The WHI 2010-2015 Extension Study will fund continuing research into
many chronic diseases of aging, including cardiovascular disease,
cancer, osteoporosis, stroke and cognition, and will support new
studies focusing on predictors of healthy aging.

WHI is the largest clinical trial ever undertaken in the U.S.,
involving more than 162,000 women across the nation, including 4,000 in Buffalo. The goal of WHI is to gather essential clinical data on the
major diseases affecting women.

The WHI is interested, in particular, in studies concentrating on WHI
participants who now are over the age of 80, and underrepresented
minority women, primarily African-American and Native-American WHI
participants. The WHI represents the largest prospective cohort of
these older women in the United States.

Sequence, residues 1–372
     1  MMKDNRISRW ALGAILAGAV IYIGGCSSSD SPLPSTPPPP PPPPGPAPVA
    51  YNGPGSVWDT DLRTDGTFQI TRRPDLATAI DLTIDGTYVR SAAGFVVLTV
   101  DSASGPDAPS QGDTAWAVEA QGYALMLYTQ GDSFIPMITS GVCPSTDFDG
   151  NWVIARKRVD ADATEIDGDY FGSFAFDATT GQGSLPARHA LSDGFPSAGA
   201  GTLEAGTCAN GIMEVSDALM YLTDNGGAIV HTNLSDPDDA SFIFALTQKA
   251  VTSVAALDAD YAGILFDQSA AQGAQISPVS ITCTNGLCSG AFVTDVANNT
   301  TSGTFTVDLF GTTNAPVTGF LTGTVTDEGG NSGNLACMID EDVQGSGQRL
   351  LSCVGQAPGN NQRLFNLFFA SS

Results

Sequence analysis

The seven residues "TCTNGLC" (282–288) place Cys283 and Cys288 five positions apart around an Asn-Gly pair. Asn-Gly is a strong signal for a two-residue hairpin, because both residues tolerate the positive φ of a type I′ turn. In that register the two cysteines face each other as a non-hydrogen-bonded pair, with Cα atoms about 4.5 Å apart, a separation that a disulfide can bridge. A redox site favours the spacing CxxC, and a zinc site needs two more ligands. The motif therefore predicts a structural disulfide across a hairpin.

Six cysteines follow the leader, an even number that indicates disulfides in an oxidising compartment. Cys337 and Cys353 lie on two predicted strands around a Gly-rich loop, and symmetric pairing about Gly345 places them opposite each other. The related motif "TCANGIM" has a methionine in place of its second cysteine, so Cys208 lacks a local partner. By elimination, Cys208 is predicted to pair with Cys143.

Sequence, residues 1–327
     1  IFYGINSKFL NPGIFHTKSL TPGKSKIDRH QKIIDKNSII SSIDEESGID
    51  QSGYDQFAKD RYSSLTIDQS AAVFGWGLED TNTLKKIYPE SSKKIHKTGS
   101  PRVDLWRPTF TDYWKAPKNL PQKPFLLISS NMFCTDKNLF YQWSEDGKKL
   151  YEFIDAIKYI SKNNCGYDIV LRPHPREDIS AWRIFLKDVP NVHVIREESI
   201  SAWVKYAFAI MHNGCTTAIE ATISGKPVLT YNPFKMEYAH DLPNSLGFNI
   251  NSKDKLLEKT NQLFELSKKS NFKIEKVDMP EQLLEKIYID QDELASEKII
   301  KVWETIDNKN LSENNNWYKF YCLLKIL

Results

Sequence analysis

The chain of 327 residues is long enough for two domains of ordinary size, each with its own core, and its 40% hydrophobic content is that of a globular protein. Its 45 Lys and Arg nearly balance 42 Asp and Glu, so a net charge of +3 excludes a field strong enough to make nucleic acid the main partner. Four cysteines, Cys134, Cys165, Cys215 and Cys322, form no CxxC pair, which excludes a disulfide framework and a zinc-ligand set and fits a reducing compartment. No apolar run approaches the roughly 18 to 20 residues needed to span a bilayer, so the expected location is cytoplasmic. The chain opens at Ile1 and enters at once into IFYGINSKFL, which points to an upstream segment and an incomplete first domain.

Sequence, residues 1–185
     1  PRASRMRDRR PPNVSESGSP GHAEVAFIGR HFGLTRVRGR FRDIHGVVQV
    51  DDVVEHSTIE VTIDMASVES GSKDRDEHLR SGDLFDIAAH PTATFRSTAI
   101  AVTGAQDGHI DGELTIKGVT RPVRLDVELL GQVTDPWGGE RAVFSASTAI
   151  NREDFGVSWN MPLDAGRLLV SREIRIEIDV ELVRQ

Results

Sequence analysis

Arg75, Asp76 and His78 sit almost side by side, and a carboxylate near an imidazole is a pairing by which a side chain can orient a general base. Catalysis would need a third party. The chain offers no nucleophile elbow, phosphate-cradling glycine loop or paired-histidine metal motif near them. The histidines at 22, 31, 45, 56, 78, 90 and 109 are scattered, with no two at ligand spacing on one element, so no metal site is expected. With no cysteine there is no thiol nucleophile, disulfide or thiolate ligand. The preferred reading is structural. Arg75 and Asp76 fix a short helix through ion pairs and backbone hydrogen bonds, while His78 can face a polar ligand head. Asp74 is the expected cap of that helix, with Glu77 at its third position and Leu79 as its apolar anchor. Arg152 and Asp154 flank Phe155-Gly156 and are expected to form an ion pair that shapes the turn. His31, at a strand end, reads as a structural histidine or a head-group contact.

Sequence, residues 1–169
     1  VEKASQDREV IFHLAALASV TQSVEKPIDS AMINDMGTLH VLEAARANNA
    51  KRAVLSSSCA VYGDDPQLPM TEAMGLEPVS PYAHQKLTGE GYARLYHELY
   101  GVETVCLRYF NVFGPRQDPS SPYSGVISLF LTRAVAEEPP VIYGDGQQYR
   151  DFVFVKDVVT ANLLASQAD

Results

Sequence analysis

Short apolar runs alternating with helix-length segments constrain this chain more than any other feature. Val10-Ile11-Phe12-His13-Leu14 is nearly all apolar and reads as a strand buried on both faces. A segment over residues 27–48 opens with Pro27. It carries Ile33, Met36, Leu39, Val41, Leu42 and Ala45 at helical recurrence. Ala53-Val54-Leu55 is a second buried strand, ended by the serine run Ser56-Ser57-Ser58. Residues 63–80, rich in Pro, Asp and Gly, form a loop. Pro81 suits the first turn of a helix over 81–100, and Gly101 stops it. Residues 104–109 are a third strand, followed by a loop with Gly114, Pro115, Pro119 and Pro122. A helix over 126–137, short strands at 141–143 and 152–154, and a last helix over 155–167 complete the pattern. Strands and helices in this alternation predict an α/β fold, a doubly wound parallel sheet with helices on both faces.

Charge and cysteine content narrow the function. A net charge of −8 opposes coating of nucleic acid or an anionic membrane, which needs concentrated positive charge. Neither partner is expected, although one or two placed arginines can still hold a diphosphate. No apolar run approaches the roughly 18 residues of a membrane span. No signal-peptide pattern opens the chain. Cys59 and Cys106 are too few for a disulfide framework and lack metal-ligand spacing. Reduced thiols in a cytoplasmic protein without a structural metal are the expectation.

"The impact of this new WHI extension study is going to be huge," says
Wactawski-Wende. "This work will change lives and paradigms regarding health in postmenopausal women and has, and will, continue to impact human health. The scientific discovery from WHI to date has been enormous. I expect in the next five years we will more than double the scientific discovery emanating from this study.

"Working on this science is exciting and personally rewarding," she
continues. "I expect funding for the WHI extension study to serve as a
catalyst for further research, and that many additional funded studies
will branch off of this work. We already have seen that type of